Who hasn’t come across the time stamp of history on neighborhood sidewalks? If you’re paying attention, even on a simple stroll around the block, you’ll find yourself on the trail of the past.
On most blocks–typically near the corners–you’ll find the name of the contractor who installed the sidewalks and curbs, along with the date of their construction, and even the names of the streets. Think of it as a signature, and appreciate the irony that even though the prestigious builders of the big houses are long gone, the identity of the grunt-work done by ditch diggers, form builders and concrete finishers has stood the test of time.
The curbs and sidewalks on my block–block 23 of the Alameda Park Addition–were built by Warren Construction Company in the summer of 1912. Warren Construction, like other companies, had contracts with the city to excavate, frame and pour many city blocks worth of sidewalks and curbs. Look carefully and you’ll find the printed names of Hassam Construction, Krieq, Elwood Wiles and others.
So, here’s some insight into two of the of the companies you’re going to bump into walking around the Alameda Park neighborhood, and some great factoids you’ll want to hang onto for scintillating dinner conversation. After you’ve paid enough attention to these names–and learned a little about the companies and when they operated–you can almost tell what era and corner of the neighborhood you’re in just by looking at the names on the sidewalks.
Warren Construction Company
This company once employed world-renowned chemist and Nobel Prize winner Linus Pauling as its chief asphalt inspector. Pauling, born in Portland in 1901, was a young man when he worked summers for Warren, testing the quality of its asphalt production facility. Pauling recalled, years later, how company bosses didn’t want him to go on with his studies…they wanted him to stay put on quality control. In addition to giving one of the world’s greatest chemists his start, Warren Construction also made a name for itself building and installing all of the concrete decking on the Interstate Bridge (first opened in 1917), and applying the asphalt surface once the bridge deck was complete. They also worked on the Columbia River Highway as well.
If you are a walker, this man is a household name. You see him everywhere on Portland’s east side. For years, I wondered about his identity, and after doing the research, I finally have a few answers. Wiles was born in Canada in 1874, and came to Portland in 1887. After high school he worked in a variety of jobs for a local harness maker before going into the sidewalk business. From 1903 til about 1917, Wiles held the majority of all city contracts for excavating, framing and pouring curbs and sidewalks. After the big building boom of these years, Wiles dabbled in timber speculation, concrete pipe manufacturing, stocks and bonds, and insurance. In his later years, he owned an illuminated traffic sign company. He died in Portland in December 1956. Be sure to check out this photo of Wiles and biography I’ve written in The Builders section here on the site.
Interested in helping create an inventory of sidewalk contractors in Alameda? A couple of us are setting out to do some documentation, and we could use a studious person with some time to spare (and a digital camera) to help. If you’re interested in joining in, drop me a note: email@example.com.
Click here to see what’s been done in the Hawthorne neighborhood.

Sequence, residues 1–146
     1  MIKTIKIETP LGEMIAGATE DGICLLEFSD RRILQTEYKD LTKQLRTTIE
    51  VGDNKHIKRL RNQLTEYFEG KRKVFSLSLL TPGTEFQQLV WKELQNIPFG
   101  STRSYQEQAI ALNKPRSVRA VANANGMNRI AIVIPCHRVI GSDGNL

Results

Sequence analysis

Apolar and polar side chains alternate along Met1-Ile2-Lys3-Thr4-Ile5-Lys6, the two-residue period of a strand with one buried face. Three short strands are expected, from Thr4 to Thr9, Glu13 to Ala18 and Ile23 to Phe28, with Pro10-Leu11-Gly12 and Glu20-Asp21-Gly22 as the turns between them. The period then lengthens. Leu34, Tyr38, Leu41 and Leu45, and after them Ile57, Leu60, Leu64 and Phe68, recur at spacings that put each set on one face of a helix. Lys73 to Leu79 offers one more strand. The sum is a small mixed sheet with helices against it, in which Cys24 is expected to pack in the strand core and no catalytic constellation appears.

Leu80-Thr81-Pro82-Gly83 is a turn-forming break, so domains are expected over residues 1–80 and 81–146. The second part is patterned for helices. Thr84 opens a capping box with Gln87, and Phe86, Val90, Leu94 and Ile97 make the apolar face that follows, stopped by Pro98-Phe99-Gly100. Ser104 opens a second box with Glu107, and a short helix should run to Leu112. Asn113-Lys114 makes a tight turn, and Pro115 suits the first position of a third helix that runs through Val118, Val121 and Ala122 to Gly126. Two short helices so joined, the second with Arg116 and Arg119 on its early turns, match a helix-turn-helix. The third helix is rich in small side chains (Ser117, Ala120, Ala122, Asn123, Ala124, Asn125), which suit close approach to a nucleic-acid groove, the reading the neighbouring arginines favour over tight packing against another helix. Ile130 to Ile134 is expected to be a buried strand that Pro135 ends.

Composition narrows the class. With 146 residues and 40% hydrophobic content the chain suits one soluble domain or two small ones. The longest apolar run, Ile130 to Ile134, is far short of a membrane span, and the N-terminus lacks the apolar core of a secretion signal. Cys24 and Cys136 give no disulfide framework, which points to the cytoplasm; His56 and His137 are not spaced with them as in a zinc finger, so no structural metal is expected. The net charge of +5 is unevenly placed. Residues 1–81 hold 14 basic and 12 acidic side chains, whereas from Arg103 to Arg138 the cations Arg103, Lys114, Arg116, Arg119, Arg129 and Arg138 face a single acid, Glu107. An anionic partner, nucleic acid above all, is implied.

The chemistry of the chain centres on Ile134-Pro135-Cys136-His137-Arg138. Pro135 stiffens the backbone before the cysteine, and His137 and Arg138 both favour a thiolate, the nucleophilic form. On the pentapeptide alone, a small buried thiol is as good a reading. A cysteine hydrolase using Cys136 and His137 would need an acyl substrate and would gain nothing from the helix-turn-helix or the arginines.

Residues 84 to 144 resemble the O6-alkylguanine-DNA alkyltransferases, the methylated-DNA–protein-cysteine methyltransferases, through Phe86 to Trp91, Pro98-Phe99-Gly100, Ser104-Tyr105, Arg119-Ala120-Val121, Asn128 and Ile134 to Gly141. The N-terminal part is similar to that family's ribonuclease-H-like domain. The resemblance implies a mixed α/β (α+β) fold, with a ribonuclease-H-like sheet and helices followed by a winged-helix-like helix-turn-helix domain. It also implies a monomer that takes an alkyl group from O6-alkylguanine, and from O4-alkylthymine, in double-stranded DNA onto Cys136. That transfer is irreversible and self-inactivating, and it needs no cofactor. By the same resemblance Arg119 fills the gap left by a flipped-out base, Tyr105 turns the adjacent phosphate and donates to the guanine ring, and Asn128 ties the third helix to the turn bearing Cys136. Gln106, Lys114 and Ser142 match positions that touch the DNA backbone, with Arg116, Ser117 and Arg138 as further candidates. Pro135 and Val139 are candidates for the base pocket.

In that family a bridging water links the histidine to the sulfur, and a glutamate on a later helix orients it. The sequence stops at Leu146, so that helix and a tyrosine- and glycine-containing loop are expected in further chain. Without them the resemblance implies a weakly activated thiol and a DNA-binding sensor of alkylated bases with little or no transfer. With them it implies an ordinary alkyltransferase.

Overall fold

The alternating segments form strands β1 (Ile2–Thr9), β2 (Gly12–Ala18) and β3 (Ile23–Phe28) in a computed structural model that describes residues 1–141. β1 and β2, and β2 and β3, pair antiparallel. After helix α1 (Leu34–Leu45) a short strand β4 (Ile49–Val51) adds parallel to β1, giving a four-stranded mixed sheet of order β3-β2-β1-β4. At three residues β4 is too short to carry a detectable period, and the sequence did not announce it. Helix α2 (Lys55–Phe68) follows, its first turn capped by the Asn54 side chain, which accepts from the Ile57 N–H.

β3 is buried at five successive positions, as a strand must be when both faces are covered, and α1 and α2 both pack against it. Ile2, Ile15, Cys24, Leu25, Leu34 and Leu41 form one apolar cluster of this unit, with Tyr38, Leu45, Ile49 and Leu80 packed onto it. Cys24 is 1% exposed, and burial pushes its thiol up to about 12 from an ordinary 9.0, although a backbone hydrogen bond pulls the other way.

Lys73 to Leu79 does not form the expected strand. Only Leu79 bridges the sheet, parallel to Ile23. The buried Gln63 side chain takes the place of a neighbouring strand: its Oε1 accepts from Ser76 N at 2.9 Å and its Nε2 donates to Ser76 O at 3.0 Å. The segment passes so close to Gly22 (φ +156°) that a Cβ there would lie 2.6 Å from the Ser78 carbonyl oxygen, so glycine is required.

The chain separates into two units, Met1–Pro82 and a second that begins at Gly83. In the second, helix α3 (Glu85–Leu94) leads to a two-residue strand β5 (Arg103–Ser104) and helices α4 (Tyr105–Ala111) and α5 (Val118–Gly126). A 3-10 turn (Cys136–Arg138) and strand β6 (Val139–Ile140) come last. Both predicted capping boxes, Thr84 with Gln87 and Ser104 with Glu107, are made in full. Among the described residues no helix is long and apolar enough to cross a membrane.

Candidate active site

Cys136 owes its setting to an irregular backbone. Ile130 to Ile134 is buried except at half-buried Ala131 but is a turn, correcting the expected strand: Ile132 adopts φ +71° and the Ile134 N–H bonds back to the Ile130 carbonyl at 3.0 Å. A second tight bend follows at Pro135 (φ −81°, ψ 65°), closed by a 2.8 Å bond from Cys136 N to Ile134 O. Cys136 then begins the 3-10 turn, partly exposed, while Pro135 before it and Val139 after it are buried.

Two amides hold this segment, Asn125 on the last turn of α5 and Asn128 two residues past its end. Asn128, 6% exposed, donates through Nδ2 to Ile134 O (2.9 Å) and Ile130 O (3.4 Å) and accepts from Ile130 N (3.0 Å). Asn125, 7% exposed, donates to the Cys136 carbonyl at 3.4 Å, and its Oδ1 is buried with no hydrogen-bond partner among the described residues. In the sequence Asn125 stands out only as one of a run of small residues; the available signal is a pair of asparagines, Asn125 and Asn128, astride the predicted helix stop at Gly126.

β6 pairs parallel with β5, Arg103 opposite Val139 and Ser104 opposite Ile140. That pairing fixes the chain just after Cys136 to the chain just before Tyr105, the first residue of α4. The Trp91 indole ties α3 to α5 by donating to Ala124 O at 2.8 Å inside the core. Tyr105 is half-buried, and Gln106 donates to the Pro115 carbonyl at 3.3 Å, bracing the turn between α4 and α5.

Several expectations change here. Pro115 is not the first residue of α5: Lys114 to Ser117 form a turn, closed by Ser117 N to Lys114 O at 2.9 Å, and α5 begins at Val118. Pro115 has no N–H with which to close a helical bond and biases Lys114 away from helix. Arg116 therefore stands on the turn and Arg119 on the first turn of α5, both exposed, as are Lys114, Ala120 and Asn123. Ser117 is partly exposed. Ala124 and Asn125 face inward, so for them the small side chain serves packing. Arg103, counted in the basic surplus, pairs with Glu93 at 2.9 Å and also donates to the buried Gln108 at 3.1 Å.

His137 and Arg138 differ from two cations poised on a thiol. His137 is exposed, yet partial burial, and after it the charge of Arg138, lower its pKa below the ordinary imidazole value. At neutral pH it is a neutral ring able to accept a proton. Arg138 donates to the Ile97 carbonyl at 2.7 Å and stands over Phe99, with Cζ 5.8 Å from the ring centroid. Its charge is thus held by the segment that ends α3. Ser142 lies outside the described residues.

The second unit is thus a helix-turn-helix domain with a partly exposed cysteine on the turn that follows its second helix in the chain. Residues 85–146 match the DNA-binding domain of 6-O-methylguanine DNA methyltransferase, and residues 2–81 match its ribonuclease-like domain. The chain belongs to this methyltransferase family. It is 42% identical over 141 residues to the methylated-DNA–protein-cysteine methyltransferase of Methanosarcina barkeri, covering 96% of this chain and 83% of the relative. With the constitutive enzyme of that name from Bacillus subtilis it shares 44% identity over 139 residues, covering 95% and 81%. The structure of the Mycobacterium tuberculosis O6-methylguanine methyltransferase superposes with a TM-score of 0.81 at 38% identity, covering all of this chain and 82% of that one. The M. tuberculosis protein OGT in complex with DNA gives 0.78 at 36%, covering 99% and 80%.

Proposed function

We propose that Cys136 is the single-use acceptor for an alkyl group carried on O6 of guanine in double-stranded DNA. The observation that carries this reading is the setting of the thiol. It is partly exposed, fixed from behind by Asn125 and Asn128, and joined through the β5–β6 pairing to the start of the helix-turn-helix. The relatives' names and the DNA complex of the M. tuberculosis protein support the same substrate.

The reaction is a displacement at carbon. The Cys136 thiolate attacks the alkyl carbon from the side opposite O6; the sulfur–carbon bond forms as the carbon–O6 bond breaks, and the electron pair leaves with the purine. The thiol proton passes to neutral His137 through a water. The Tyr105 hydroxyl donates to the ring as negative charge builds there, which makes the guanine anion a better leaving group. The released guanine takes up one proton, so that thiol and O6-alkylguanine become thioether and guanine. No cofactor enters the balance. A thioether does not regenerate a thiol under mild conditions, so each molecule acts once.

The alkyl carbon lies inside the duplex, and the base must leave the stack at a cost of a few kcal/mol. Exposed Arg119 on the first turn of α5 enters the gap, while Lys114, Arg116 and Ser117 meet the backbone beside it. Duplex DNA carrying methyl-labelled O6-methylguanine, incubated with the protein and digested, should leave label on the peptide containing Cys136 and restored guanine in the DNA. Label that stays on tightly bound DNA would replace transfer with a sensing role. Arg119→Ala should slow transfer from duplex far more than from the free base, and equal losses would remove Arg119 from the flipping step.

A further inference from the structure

If this topic really piques your interest, check this out.
In Salem the “corner cuts” which eliminate curbs for bikes, strollers and handicapped, also remove the names of the sidewalk makers, hence historical context from the neighborhood. Beware! (Our neighborhood was paved in 1910 and 1911, a hundred years of foot traffic almost!)
Hi Bon. Thanks for dropping by the blog and for sharing your cautionary tale from Salem. I noted in the PDOT piece on sidewalk history that the State Historic Preservation Office (SHPO) considers contractor sidewalk stamps as “interesting artifacts but are not listable resources, and can be removed.” I have noticed that most of the corner cuts installed in NE Portland recently (and there was a spate of them in the fall) have the original construction date and the reconstruction date stamped into the curb. While our friend Elwood Wiles name is no longer visible in some of these, the sense that they are old–and reprepsent many layers of footsteps–is kept alive.
Doug–I once wrote a somewhat sentimental article about the loss of the names, but I wasn’t kidding. I think SHPO is wrong here–removal of these bits is a loss of “texture” in our old neighborhoods. Thanks for writing about it and xxoo B
My house was built in 1910, as were most in this Richmond community. I’ve seen the Elwood Wiles stamp in concrete throughout this area. Since Hawthorne Blvd. is a major artery here, I’m hoping that old maps, plats, street signs etc. are available. Where do I begin my search? Thanks for your fascinating blog.
Thanks for visiting the Alameda History blog, and for your very kind comments. I’ve put together a list of resources that can help you with your search, which you can find right here on the blog under the Resources tab in the upper right. I would try to start by establishing a chronology of residents, using the Polk Directories and even the Federal Census. There are many tools out there and those are two of the best. Obituaries (on microfilm at the Central Library) are also very helpful. Take good notes, have fun with this, and if you get hung up, drop me a note…I’m pleased to be a “friend of the court” as you pursue the history of your house. -Doug
Thanks, Doug. I’ll try your advice. If I find anything of interest I’ll keep you in mind.
Man, I’m glad concrete curbing and concrete buildings have been around for so long. It makes things last, preserves history better, and lasts longer. Thanks for sharing!